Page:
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Franz Josef Aumann
1728 - 1797
F.J. Aumann
Franz Josef Aumann (24/02/1728 - 30/03/1797), an Austrian composer (born in Traismauer). He went to Vienna to study music where he also met important musicians of his time. Why at twenty-five years of age (in 1753) he came to establish himself at St. Florian has not yet been discovered. He must have had special talent because only two years later he became Regens Chori, one year before his ordination! He remained in the service of the monastery, from that time until his death in 1797. He composed new Requiems (there must have been 12 of them) for funeral ceremonies, in addition to masses for various occasions, many motets, litanies, offertories, and even oratorios.
Source:The new Grove dictionary of music and musicians and PropylaŽn - Welt der Musik - Die Komponisten
Requiem (11x)
Musical form:masses
Text/libretto:Latin mass
Aumann wrote twelve Requiem Masses, of which one is lost.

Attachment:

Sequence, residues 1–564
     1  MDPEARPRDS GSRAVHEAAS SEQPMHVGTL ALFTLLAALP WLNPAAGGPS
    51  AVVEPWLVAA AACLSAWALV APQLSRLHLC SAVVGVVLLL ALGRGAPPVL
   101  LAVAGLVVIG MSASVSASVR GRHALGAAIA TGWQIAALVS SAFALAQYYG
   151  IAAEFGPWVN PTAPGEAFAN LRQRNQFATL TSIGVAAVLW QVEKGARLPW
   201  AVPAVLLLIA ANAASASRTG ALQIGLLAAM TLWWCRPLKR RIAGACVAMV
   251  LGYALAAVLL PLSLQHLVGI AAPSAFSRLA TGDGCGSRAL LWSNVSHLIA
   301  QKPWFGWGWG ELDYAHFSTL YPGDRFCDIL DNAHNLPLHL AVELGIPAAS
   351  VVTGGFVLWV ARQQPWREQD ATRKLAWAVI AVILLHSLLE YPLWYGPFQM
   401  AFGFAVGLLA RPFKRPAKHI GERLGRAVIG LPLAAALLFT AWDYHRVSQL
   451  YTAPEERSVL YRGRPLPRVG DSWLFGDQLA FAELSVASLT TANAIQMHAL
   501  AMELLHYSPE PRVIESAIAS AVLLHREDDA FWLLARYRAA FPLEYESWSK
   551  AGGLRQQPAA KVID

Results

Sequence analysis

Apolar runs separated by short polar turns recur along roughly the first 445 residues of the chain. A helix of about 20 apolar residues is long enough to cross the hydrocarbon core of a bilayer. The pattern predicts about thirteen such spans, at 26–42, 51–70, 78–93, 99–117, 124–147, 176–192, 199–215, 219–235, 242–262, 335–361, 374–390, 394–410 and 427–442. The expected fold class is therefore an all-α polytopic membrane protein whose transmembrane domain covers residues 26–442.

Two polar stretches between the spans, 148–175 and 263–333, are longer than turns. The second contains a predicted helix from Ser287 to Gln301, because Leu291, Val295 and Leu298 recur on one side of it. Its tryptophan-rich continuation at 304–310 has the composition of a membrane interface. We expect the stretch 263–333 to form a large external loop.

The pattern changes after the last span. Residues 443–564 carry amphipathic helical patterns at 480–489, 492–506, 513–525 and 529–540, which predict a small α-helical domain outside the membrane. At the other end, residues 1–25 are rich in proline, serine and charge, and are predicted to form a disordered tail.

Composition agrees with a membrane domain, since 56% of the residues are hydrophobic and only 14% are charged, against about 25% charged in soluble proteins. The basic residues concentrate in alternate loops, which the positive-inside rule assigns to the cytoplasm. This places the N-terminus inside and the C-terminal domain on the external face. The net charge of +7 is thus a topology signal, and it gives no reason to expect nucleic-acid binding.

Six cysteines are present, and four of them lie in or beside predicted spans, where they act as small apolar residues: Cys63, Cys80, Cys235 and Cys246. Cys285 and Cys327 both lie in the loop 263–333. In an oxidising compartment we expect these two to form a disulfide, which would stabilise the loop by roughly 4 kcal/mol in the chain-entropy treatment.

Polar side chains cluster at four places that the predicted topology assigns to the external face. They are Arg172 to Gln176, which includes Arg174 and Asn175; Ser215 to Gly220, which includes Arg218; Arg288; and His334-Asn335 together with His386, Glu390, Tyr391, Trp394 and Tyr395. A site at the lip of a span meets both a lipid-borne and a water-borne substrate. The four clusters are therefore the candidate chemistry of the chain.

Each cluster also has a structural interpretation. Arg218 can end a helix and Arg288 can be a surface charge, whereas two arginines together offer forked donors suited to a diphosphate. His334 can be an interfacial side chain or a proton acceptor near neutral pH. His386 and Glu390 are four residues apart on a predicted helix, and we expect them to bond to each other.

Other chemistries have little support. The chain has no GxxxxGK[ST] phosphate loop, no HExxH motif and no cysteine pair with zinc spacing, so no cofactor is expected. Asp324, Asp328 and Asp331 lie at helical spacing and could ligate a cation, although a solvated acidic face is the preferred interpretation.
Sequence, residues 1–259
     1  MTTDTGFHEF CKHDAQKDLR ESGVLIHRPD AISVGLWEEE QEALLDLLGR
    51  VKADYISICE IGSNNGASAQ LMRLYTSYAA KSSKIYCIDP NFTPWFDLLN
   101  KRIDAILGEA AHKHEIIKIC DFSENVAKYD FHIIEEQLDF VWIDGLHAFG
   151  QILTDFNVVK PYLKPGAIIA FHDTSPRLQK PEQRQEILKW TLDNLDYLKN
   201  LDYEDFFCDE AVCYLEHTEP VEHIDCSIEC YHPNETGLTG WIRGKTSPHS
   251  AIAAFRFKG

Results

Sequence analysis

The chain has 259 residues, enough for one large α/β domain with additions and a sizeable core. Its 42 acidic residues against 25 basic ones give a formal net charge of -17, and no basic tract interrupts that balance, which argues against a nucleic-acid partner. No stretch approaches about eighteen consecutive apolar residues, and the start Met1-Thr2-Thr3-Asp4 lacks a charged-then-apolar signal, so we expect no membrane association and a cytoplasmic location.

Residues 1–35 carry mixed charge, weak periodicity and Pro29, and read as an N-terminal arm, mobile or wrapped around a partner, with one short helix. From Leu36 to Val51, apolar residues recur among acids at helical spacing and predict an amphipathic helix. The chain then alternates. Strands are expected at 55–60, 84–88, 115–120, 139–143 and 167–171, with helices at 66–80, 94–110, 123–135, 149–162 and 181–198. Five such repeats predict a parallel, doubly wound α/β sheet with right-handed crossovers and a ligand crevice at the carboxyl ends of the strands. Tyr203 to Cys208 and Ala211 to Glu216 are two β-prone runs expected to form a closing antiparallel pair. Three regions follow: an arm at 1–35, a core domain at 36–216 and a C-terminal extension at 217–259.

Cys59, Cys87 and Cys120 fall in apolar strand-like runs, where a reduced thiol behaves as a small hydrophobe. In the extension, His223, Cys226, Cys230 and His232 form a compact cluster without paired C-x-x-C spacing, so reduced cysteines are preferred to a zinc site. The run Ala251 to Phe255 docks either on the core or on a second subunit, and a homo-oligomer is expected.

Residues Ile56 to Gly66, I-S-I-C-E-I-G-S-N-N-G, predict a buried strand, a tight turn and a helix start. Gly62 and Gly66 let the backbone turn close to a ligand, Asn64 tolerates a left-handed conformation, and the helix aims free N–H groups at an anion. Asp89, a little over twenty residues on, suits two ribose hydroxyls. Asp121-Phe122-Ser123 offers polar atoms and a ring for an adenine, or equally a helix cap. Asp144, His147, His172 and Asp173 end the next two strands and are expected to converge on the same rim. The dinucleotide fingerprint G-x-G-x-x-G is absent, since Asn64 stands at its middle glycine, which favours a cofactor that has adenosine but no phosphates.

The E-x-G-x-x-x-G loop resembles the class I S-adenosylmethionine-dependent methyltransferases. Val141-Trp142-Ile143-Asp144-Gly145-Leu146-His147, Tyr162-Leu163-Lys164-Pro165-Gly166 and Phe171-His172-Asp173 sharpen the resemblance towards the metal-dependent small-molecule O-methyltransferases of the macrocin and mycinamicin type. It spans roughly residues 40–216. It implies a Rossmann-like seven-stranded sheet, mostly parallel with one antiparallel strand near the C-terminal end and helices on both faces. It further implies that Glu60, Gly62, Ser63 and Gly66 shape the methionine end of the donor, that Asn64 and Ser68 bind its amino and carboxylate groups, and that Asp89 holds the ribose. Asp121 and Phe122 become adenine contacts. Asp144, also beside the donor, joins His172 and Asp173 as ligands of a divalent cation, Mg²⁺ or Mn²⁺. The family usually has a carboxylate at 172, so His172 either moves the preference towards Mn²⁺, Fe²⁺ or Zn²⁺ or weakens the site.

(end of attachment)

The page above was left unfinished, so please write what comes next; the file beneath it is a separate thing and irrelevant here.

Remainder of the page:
Source:The new Grove dictionary of music and musicians and PropylaŽn - Welt der Musik - Die Komponisten
Contributor:Tassos Dimitriadis
Musical form:mass
Text/libretto:Latin mass
Label(s):Panclassics PC 10234
In the Requiem recorded here the listener is confronted with the earlier period of Baroque opulence. In the later masses and in most of the other works from the later period the instrumental parts are limited to (very often) 2 violins, bass and organ. The use of almost exclusively solo instrumental parts and also solo singers bring us a sound that provides a richer variety of tone colours than we could have with a choral setting. When one boy, an oboe and the organ are heard together playing one line at the unison, we hear shades of colour we are not used to, which, on the other hand, lend transparency and a layered effect to the composition, obtainable only with this original setting. The present recording marks the beginning of a long-term cooperation between Ars Antiqua Austria/Gunar Letzbor, the St. Florianer Sšngerknaben and the label Pan classics.
Source:booklet of cd Panclassics PC 10234